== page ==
There are musical collaborations that last just long enough to compose and publish one single record. Others, on the other hand, become so succesfull that they not only generate a significant discography but become, in the end, comparable to a permament ensemble. The collaboration between Trent Reznor, who’s the the founder and leader of the industrial rock project Nine Inch Nails, and the English producer and musician Atticus Ross, who actually produced many of the recent releases by NIN, certainly belongs to the second category. Reznor and Ross started composing music together in 2010, when they wrote the soundtrack of the movie The Social Network, for which they won the Academy Award. From that moment, Reznor and Ross have produced together many other appreciated soundtracks for movies such as The Girl with the Dragon Tattoo (2011), Gone Girl (2014) and Patriots Day (2016). In the early days of 2019 the duo has released a new album with the official soundtrack of the movie Bird Box, which is the post-apocalyptic thriller directed by Susanne Bier and premiered on last November 2018. As a matter of fact, the two have specialized in composing music for thrilling and spine-tingling films with high emotional content.
In the years to come, probably Bird Box will be remembered more for the involontary global Internet meme that it generated than for the movie itself. In these days, in fact, the web is still flooded by amatorial videos and funny pictures where all kinds of people are blindfolded while trying to do day-to-day activities. That’s because the movie tells of a woman and her children who must make it through a series of locations and events while blindfolded, in order to avoid seeing some supernatural entity which apparently moves people to to commit suicide. As said, this narrative idea has taken an unexpected comic twist.
If this will be the fate of the movie, I don’t believe that Bird Box will remain famous for its soundtrack, and it’s a little shame because the music that has been composed by Reznor and Ross is of the highest quality. To some extent, this event could be seen as the confirmation of the capacity of the duo to choose films of which, for one reason or another, people talk a lot about.
From a musical point of view, Bird Box‘s soundtrack fits in that style of dark ambient and experimental electronic music that we have already encountered in the previous works from Reznor and Ross. The record offers to the listeners an hour of disturbing atmospheres with layers of synthesizers that are blended with rarefied sounds from piano and other instruments. The songs proceed with extremely slow rhythms and incorporate myriads of different sound effects and field recordings. The result is a music which transmits anxiety and insecurity, perfect for accompanying the scenes of the movie but valid also for being listened as a stand-alone product. In this sense, the album is in all respect a self-consistent artistic product that we can appreciate and judge just like one of the many dark ambient records that are commonly published by other artists. And it’s also a very interesting one.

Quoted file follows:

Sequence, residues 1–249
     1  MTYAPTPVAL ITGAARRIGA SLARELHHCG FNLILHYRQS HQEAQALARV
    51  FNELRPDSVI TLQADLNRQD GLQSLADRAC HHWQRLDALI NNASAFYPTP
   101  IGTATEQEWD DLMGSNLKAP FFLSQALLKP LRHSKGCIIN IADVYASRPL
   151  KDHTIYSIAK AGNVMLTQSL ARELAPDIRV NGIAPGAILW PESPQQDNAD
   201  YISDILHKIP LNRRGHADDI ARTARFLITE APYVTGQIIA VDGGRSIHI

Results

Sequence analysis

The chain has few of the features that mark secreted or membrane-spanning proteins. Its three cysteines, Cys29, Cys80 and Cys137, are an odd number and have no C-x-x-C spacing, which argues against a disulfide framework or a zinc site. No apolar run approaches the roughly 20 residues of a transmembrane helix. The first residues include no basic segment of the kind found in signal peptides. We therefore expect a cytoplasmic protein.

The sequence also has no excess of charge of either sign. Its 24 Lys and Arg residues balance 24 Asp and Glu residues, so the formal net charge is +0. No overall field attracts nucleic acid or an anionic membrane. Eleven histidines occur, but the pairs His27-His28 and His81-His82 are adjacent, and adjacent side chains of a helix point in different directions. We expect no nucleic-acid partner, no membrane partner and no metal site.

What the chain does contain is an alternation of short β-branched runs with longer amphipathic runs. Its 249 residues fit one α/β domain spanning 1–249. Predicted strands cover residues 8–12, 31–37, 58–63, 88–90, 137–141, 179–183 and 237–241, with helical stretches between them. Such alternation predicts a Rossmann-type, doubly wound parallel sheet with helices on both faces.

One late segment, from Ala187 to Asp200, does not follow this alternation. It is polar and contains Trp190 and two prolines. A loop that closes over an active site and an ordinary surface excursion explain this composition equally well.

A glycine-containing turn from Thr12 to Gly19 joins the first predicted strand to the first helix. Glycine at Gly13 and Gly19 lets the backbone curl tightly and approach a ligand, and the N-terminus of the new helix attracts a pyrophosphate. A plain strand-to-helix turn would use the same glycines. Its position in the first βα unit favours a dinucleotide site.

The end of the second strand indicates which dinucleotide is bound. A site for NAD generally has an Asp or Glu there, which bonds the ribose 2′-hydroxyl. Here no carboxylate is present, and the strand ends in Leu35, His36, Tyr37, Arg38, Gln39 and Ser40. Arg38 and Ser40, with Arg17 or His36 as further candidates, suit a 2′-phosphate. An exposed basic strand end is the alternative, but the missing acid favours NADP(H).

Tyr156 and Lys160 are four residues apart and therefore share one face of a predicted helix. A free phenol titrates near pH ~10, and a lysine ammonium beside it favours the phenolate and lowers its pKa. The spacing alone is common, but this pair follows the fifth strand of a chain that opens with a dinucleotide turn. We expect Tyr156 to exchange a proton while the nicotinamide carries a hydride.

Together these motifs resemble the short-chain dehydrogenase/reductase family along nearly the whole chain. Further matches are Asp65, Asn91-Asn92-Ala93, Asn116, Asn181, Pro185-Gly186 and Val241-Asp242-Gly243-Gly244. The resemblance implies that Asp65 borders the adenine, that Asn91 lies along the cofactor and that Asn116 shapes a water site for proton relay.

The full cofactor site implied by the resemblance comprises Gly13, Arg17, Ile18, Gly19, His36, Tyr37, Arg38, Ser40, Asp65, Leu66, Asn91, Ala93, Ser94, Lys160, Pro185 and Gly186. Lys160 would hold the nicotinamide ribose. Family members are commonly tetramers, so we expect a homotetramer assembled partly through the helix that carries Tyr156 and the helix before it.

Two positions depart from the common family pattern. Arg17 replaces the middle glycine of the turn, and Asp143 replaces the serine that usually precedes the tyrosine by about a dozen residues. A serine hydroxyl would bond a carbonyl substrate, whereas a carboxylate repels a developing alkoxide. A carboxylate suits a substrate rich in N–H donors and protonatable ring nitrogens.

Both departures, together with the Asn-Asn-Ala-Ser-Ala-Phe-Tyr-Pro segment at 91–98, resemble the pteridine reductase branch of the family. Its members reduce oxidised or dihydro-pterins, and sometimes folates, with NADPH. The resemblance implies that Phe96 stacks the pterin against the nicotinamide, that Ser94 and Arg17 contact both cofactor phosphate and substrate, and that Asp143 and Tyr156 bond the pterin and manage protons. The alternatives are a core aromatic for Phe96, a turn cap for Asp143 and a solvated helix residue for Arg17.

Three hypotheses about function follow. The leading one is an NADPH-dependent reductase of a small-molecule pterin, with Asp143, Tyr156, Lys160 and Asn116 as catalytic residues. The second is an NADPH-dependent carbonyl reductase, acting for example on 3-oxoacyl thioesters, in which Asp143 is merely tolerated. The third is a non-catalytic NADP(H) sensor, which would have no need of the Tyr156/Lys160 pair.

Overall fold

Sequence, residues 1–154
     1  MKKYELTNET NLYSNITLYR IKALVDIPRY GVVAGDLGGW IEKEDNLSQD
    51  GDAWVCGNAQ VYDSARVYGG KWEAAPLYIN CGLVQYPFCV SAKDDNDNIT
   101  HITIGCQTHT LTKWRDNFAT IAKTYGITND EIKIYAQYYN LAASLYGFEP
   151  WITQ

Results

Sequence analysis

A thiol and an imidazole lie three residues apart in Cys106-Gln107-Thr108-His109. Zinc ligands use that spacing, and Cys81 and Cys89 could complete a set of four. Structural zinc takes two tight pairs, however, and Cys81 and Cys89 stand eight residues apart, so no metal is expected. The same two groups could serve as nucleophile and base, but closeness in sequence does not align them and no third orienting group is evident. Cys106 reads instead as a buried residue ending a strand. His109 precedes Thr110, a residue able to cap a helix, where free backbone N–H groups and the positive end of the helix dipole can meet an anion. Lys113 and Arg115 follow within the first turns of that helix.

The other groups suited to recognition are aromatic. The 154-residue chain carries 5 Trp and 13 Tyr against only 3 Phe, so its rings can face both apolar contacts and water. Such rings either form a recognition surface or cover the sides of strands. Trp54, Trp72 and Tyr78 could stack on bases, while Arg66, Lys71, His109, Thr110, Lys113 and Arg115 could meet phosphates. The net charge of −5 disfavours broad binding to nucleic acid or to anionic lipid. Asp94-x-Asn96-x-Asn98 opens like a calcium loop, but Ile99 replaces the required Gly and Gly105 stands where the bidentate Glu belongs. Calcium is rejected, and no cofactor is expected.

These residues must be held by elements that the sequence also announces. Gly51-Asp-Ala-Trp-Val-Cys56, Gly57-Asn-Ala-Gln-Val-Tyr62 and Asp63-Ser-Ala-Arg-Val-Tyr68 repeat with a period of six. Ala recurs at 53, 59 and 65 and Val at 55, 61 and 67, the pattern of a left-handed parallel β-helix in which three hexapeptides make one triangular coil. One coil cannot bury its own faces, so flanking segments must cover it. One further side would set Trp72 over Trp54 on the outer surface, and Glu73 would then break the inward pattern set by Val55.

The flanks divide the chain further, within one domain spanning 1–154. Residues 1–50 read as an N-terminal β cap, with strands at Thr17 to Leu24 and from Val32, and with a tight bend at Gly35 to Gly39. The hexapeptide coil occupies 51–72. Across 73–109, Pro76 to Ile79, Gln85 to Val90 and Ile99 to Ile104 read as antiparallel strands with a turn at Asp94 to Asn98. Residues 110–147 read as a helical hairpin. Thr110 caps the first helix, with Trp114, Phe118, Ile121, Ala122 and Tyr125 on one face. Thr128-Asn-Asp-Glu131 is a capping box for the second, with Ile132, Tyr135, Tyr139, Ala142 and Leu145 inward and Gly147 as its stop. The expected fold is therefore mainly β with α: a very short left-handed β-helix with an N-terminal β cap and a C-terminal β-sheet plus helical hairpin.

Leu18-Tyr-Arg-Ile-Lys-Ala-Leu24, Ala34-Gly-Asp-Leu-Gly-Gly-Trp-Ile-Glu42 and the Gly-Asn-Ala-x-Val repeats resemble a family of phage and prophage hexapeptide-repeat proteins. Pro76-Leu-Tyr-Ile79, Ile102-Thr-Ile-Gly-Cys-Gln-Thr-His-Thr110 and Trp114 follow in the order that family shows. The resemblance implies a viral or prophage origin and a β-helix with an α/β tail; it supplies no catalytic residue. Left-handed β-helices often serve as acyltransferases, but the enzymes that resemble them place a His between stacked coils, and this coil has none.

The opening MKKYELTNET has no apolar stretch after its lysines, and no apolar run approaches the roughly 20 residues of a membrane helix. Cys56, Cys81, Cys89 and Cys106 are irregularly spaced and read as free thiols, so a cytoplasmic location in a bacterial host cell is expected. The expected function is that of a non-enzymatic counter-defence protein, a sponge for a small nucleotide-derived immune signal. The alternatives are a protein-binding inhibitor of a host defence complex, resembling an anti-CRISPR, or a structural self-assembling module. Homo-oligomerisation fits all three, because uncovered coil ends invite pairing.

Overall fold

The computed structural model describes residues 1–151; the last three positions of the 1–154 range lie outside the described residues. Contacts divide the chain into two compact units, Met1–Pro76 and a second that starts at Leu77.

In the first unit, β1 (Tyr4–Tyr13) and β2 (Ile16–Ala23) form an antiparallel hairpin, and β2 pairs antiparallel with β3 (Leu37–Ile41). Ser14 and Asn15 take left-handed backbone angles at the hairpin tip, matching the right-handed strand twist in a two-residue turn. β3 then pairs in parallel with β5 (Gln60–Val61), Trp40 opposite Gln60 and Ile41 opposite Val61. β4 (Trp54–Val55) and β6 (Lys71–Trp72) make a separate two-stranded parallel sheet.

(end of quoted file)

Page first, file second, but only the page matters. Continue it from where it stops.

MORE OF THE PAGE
Based on the description I just gave of the music of Bird Box, one could argue that the LP contains more or less the same basic ingredients that Reznor and Ross used for most of their previous soundtracks. And it’s partially true, because the atmospheres evoked by this new LP are not so different from those already heard for Gone Girl or The Social Network. What’s relatively different in the case of the new album is that the tracks have a internal development and also a structure that are tangibly more complete than what we heard in the past. For the first time it seems that all the tracks of the OST may be considered as “real songs” rather than pieces of music that were conceived just to accompany a specific scene of the movie.
This didn’t happen by chance, however. On one side the two musicians evidently experienced a moment of special musical inspiration. On the other side, it’s no secret that Reznor and Ross decided to publish in this LP the original versions of all of the songs, regardless of which parts eventually were used in the actual movie. That was definitely a good move for the listeners, and it’s also the reason for the title they gave to the LP: Bird Box (Abridged), where “abridged” refers to the fact that the music in the record is that recorded prior to the final editing for the film.
In summary: Reznor and Ross’ new release is a particularly inspired record that won’t disappoint the lovers of dark ambient music, whether they have seen the film or not. If I should express my rating, I would give the album a full 7/10.
Bird Box (Abridged) is available for streaming on Spotify.
My favorite song are the long opening track Outside, which sets the atmosphere of the whole record and also introduces most of the melodic elements of the sountrack, the haunting song What isn’t anymore and the short interlude A Hidden Moment.